From California to Nampa, Idaho
Hey everybody. We have a special guest in the studio today, and we will be talking about moving from California to Nampa, Idaho. So what’s he going to say? Stick around to find out.
Getting to Know Brian
Dave: It’s Treasure Valley Dave here. Today, we have a fabulous guest. This is Brian. He popped into the office, and we’ll take advantage of this moment to pick his brain. A little bit about Brian, he came from California before moving to Idaho. He lives here in Nampa, and I want to find out what he thinks about what Nampa’s like and whether he would prefer to return to California.
Brian: Hey, how’s it going?
Dave: Hey, great. Thanks for stopping by.
Brian: Glad to help. I live nearby. I’ve been here for four years, so…
Dave: Four years.
Brian: Wonderful four years.
Dave: And here in Nampa?
Dave: Nice. So now that you’ve been up here for four years, you probably have a good feel for what it’s like to live here and what Nampa’s like.
Living in Nampa, Idaho
Brian: So Nampa, Idaho population is about pushing a hundred thousand, similar to many California towns. And like many California towns, there are different neighborhoods and vibes. We live north of Highway 84, and it’s a little more farm, rustic. Our neighbors across the street are cows from a distance. But if you like a little more urban, there’s downtown Nampa. Plenty of them are popping up all over the valley and Nampa if you want more residential sub-development. So depending on what you’re looking for, you can find it. We have one acre and a barn, so we have plenty of space for ourselves, but half a mile down the street, you can get a brand-new tract home, a three-car garage with an RV, and just enough land to grow a small garden and have a barbecue.
Dave: That’s nice. So, did you consider these other parts of town before you found the one? What drove you from living city life? It’s almost like Green Acres, and now you almost have a country feel. As you said, you have cows across the street.
Brian: It’s just what we wanted to do long-term. We planned. In our last home in California, we were there for over ten years, so we didn’t go to different houses. If we were going to make such a significant life change, we wanted to ensure that the home and the property we got would meet our needs and any hobbies or desires down the road. We scoured the entire Treasure Valley — Boise, Meridian, Caldwell, Nampa, Middleton, you name it — and found that Nampa is centrally located. It’s 20 minutes from the Boise Airport to our house and a straight shot on Highway 84. There are a couple of slowdowns during the commute rush, but you’re still moving at 30 miles an hour even then. There’s not much parking going on there, so that was a good factor for us. So if I find a job in Boise, I’m still close to the action in Boise but not too far away, and the traffic in Idaho is pretty decent. In addition, we are about five minutes away from essential grocery shopping like Walmarts and WinCos.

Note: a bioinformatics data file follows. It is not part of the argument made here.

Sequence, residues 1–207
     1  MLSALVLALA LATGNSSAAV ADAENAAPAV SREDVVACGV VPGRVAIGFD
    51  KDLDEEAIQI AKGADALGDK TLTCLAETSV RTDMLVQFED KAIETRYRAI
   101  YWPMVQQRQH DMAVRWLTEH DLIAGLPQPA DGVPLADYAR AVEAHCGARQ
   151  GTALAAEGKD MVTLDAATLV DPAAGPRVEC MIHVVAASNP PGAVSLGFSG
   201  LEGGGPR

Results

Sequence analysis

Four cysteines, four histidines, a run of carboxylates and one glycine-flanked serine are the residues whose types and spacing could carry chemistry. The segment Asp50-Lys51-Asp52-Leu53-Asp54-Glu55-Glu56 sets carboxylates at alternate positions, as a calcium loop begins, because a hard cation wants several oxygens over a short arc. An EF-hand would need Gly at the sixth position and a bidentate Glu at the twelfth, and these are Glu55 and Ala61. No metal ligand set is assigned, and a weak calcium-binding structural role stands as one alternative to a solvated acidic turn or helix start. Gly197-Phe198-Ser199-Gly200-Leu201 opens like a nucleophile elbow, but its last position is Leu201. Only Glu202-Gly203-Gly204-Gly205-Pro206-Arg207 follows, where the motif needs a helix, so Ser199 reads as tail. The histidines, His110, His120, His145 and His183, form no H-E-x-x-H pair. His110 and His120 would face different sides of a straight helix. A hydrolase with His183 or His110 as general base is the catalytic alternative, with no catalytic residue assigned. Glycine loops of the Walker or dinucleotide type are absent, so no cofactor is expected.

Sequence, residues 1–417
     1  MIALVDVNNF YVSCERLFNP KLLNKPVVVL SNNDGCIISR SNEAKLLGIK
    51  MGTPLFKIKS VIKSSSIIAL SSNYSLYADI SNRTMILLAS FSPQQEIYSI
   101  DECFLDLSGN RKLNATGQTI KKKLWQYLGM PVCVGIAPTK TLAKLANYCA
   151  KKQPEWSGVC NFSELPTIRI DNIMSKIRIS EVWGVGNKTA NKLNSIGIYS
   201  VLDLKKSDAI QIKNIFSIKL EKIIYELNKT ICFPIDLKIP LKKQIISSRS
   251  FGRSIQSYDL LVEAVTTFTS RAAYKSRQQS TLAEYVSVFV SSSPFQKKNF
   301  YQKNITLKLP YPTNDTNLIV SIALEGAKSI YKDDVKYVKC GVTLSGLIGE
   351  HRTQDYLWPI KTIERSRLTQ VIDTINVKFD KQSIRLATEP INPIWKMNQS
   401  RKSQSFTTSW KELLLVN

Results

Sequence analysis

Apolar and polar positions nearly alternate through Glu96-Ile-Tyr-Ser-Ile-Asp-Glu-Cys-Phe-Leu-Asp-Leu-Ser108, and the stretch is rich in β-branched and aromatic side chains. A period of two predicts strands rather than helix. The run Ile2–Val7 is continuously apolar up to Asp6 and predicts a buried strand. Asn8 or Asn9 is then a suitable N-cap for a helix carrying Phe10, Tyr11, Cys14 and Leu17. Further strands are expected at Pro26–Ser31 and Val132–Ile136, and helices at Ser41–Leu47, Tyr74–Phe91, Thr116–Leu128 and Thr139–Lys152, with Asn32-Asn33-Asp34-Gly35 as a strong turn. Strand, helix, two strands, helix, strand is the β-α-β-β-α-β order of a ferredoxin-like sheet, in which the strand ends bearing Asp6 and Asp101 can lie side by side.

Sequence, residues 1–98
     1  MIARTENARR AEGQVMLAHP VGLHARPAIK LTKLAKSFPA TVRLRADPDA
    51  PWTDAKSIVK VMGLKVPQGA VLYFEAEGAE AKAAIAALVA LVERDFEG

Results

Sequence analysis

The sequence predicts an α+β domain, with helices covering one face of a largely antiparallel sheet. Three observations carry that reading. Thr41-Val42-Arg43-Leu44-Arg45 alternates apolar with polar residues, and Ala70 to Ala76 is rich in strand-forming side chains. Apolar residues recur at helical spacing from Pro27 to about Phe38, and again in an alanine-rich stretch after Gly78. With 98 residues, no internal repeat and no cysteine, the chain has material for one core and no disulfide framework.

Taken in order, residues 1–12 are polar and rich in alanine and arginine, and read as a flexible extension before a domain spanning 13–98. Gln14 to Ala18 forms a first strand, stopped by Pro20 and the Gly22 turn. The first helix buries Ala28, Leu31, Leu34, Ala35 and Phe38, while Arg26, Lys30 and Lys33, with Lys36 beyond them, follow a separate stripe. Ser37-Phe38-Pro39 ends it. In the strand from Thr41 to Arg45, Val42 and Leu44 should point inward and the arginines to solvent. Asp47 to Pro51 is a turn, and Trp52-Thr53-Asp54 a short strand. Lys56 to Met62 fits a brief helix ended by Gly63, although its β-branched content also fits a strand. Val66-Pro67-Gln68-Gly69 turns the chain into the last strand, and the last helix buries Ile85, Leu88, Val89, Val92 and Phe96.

Dave: You guys have WinCos there?
Brian: We have WinCos, Albertsons, and Grocery Outlet if you’re into that. So most of the items and businesses in California are up here in Treasure Valley. So it’s the same.
Dave: Even In-N-Out?
Brian: In-N-Out is coming soon, and as a bonus, there are a couple of chains that aren’t in California that you might like, such as Freddy’s and Steakburgers.
Brian: So overall, we were Central North California. The Treasure Valley area, and certainly Nampa, are very similar to that part of California; you won’t miss a bunch. So I think the only thing we don’t have is Wiener Schnitzel or an Ikea; otherwise, we have everything readily available in Northern California.
Traffic in California vs. Idaho
Dave: Well, let’s touch on that traffic briefly. So you lived near Interstate 80 between Sacramento and San Francisco?
Dave: There’s nothing out there. I mean, why should there be any traffic there? And how does that compare to what we have here?
Brian: Yeah, it was Highway 80. In my experience, Bay Area people have wanted to get out of the Bay Area. And every afternoon from three to seven o’clock, it was just a parking lot — sometimes both ways. Compared to Highway 84 in the Treasure Valley area, you have at most half a million people between all the major towns and all the other smaller towns. And the design of Highway 84 back when they had planned it out was well-thought-out. There’s no infinite number of on-ramps and off-ramps, so the overall Valley Road grid is designed on a one-mile square grid.
Dave: You could take a back road if there is a wreck or something on the freeway.
Brian: That happens a lot. Since all the roads are parallel to Highway 84, if Highway 84 experiences some traffic accident that shuts the thing down, you could pop off on one of the off-ramps, go up a couple of miles, and then go a parallel route and get to your destination.
Weather in California vs. Weather in Nampa
Dave: Nice. So the Central Valley of California, can we compare the weather from there to here?